As we moved towards the end of the second decade of the C21st it is clear we are in the era of the Anthropocene –even if geologists are still undecided when – or even if – there is such a thing. Irrespective of the geologists we are certainly in a different era from even 50 years ago, and this necessitates a different way of thinking and viewing our environments, from the wild to the urban…
My OED defines nature as the “physical power causing the phenomena of the material world, these phenomena as a whole”; and also as a “thing’s essential qualities”. So this blog is about how we go about understanding the essential qualities of the material world. This might seem like a pretty arcane subject for a series of blogs about “thinking systems” but, as it turns out, the question goes to the heart of our relationship with the natural world. If we are getting it wrong, this has fundamental consequences. Of course, I am going to argue that in some important respects we are getting it wrong!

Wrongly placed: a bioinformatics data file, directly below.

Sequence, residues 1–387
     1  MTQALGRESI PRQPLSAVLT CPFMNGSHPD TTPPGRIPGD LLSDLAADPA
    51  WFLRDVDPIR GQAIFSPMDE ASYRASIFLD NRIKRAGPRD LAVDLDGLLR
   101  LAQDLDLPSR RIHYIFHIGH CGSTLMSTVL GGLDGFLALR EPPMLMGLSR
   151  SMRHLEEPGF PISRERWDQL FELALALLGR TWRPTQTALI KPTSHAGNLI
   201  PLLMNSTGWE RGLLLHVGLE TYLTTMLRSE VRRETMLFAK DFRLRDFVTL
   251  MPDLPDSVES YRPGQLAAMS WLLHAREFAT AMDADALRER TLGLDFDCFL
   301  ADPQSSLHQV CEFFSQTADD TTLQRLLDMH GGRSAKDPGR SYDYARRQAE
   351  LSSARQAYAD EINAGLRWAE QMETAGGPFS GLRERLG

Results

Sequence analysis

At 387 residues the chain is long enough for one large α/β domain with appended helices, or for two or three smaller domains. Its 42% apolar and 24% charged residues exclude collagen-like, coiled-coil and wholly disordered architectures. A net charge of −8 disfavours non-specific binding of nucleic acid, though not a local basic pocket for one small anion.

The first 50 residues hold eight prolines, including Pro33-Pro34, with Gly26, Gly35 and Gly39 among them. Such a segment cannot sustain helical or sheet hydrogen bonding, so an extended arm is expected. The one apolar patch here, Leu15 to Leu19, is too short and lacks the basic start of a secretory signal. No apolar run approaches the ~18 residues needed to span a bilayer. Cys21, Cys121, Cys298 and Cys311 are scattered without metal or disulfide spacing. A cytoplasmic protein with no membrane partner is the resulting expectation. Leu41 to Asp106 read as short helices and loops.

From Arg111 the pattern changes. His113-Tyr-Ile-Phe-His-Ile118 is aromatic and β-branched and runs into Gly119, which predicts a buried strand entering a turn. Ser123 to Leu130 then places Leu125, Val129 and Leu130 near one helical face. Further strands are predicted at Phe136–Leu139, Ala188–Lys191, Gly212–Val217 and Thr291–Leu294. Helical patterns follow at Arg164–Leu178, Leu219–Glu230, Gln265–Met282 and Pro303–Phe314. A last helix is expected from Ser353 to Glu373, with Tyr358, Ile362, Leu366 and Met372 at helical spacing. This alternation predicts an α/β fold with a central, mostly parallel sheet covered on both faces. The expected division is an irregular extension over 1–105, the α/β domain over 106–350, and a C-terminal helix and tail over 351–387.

Infrastructure is so ubiquitous and reliable that most people do not realize that it is even there. But when we do get a failure in one of our infrastructure systems, well then we really do notice. Think about the last time there was a power cut, or you were caught in a traffic jam – or worse, you could not access social media. It is amazing how upset most people get when they don’t have access to the services that our infrastructure usually provides – even for a short time.